Linear Dependence Tests The book omits a few key tests for checking the linear dependence of vectors. These short notes discuss these tests, as well as the reasoning behind them. Our first test checks
More informationWe can display an object on a monitor screen in three different computermodel forms: Wireframe model Surface Model Solid model
CHAPTER 4 CURVES 4.1 Introduction In order to understand the significance of curves, we should look into the types of model representations that are used in geometric modeling. Curves play a very significant
More information(Refer Slide Time: 1:42)
Introduction to Computer Graphics Dr. Prem Kalra Department of Computer Science and Engineering Indian Institute of Technology, Delhi Lecture  10 Curves So today we are going to have a new topic. So far
More informationComputer Graphics. Geometric Modeling. Page 1. Copyright Gotsman, Elber, Barequet, Karni, Sheffer Computer Science  Technion. An Example.
An Example 2 3 4 Outline Objective: Develop methods and algorithms to mathematically model shape of real world objects Categories: WireFrame Representation Object is represented as as a set of points
More informationis identically equal to x 2 +3x +2
Partial fractions 3.6 Introduction It is often helpful to break down a complicated algebraic fraction into a sum of simpler fractions. 4x+7 For example it can be shown that has the same value as 1 + 3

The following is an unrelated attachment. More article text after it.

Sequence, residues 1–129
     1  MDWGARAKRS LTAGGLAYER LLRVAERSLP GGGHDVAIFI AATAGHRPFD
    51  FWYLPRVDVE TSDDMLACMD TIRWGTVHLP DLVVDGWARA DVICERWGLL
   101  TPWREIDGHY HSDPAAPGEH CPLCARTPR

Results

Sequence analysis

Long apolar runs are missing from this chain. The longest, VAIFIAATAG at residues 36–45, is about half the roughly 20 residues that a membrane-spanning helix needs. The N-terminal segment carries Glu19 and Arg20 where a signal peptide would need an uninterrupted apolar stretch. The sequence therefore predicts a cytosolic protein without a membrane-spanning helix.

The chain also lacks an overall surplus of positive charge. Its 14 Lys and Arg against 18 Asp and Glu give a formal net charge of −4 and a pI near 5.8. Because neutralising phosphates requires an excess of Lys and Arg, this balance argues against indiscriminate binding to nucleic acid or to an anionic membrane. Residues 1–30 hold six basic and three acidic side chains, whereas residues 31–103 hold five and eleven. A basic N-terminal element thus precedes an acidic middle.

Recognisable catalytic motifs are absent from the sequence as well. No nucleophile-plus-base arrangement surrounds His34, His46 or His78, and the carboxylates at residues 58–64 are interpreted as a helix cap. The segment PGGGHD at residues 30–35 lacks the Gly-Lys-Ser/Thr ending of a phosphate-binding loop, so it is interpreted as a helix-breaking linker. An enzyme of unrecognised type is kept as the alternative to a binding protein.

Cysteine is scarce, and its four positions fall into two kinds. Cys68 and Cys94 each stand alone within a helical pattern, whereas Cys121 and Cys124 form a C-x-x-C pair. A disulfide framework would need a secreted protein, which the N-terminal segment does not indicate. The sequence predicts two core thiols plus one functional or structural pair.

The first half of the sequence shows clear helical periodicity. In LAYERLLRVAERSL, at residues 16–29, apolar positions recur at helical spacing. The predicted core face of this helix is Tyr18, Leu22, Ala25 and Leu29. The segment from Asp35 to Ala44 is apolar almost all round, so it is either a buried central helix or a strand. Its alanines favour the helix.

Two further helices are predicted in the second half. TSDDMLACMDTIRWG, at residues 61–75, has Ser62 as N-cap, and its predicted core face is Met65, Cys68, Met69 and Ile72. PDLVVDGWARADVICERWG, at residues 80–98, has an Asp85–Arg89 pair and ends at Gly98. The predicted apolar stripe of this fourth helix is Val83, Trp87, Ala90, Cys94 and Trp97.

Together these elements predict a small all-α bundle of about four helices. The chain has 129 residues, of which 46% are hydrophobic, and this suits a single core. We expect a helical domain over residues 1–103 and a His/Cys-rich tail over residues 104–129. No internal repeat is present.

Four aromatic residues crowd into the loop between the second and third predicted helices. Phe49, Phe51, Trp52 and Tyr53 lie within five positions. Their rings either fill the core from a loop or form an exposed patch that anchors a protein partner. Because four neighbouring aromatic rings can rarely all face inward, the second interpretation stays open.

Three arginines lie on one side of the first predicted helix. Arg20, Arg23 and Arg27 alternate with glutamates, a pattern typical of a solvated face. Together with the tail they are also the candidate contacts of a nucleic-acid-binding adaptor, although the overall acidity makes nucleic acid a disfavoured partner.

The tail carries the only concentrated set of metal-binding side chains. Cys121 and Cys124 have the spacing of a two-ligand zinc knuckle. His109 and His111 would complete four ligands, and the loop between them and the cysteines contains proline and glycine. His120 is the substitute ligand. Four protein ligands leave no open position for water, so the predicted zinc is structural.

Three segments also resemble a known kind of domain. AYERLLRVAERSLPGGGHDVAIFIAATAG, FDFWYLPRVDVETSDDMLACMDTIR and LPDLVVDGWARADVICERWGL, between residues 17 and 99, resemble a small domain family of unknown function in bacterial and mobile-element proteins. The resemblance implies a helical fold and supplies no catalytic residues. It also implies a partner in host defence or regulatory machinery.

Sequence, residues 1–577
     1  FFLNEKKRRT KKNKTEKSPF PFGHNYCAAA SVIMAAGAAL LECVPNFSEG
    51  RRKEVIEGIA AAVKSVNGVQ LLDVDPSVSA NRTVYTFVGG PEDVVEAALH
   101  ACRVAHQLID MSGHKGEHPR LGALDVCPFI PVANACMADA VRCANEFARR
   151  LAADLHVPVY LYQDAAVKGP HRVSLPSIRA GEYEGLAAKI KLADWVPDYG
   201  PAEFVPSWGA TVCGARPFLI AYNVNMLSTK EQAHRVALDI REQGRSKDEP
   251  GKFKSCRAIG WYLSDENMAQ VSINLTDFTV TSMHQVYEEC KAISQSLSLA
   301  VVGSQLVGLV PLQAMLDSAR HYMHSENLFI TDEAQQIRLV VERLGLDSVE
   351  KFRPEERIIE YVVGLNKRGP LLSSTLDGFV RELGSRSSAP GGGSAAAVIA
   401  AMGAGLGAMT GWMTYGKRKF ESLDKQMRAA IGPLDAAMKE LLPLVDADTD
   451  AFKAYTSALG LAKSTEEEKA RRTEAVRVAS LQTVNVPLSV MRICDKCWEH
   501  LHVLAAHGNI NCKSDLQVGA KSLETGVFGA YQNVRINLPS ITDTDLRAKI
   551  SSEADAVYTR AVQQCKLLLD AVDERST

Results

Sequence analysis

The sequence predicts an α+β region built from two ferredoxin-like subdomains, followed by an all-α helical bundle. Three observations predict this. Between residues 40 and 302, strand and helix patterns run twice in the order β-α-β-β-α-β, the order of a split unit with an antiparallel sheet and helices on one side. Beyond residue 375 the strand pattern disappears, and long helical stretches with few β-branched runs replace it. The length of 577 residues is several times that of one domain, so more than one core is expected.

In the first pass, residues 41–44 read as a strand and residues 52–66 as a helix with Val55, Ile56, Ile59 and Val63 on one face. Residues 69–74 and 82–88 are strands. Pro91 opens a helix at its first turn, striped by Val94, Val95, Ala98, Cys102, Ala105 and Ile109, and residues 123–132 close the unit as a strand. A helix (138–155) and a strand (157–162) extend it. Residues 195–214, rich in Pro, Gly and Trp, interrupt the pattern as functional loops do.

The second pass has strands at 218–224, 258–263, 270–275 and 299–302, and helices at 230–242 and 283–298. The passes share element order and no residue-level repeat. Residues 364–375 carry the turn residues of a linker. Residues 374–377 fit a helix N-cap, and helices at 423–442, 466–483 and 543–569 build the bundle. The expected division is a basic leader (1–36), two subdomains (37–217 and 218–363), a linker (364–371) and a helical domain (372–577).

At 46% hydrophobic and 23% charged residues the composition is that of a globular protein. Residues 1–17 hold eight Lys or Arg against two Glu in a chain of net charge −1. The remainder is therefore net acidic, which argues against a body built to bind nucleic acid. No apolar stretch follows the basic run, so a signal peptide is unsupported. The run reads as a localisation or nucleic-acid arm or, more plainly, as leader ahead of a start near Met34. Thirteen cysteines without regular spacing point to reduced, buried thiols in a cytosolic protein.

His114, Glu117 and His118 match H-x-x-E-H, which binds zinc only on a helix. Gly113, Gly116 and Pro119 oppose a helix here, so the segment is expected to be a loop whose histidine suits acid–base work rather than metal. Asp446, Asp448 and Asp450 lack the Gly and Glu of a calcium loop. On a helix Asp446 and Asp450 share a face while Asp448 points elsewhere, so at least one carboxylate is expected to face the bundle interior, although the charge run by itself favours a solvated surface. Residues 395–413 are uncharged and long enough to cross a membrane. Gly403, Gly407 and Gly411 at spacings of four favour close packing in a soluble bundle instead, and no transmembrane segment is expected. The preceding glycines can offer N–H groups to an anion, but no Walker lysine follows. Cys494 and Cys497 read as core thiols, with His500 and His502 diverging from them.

More informationMath 407A: Linear Optimization
Math 407A: Linear Optimization Lecture 4: LP Standard Form 1 1 Author: James Burke, University of Washington LPs in Standard Form Minimization maximization Linear equations to linear inequalities Lower
More informationBasic Terminology for Systems of Equations in a Nutshell. E. L. Lady. 3x 1 7x 2 +4x 3 =0 5x 1 +8x 2 12x 3 =0.
Basic Terminology for Systems of Equations in a Nutshell E L Lady A system of linear equations is something like the following: x 7x +4x =0 5x +8x x = Note that the number of equations is not required
More information1 Review of Least Squares Solutions to Overdetermined Systems
cs4: introduction to numerical analysis /9/0 Lecture 7: Rectangular Systems and Numerical Integration Instructor: Professor Amos Ron Scribes: Mark Cowlishaw, Nathanael Fillmore Review of Least Squares
More information3.1. Solving linear equations. Introduction. Prerequisites. Learning Outcomes. Learning Style
Solving linear equations 3.1 Introduction Many problems in engineering reduce to the solution of an equation or a set of equations. An equation is a type of mathematical expression which contains one or
More informationINTERPOLATION. Interpolation is a process of finding a formula (often a polynomial) whose graph will pass through a given set of points (x, y).
INTERPOLATION Interpolation is a process of finding a formula (often a polynomial) whose graph will pass through a given set of points (x, y). As an example, consider defining and x 0 =0, x 1 = π 4, x
More informationNatural cubic splines
Natural cubic splines Arne Morten Kvarving Department of Mathematical Sciences Norwegian University of Science and Technology October 21 2008 Motivation We are given a large dataset, i.e. a function sampled
More informationAlgebra Revision Sheet Questions 2 and 3 of Paper 1
Algebra Revision Sheet Questions and of Paper Simple Equations Step Get rid of brackets or fractions Step Take the x s to one side of the equals sign and the numbers to the other (remember to change the